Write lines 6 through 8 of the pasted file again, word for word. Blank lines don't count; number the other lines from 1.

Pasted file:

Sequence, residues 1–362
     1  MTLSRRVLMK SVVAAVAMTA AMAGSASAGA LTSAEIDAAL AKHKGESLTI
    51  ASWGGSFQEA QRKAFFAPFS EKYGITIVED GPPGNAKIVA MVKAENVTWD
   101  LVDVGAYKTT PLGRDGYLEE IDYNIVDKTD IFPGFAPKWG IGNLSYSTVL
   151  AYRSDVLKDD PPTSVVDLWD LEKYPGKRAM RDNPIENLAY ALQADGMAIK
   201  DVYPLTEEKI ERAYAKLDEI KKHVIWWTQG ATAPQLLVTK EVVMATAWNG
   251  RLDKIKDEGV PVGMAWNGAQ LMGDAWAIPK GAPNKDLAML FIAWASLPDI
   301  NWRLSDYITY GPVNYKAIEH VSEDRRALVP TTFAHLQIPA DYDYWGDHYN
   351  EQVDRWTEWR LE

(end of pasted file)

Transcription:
   201  DVYPLTEEKI ERAYAKLDEI KKHVIWWTQG ATAPQLLVTK EVVMATAWNG
   251  RLDKIKDEGV PVGMAWNGAQ LMGDAWAIPK GAPNKDLAML FIAWASLPDI
   301  NWRLSDYITY GPVNYKAIEH VSEDRRALVP TTFAHLQIPA DYDYWGDHYN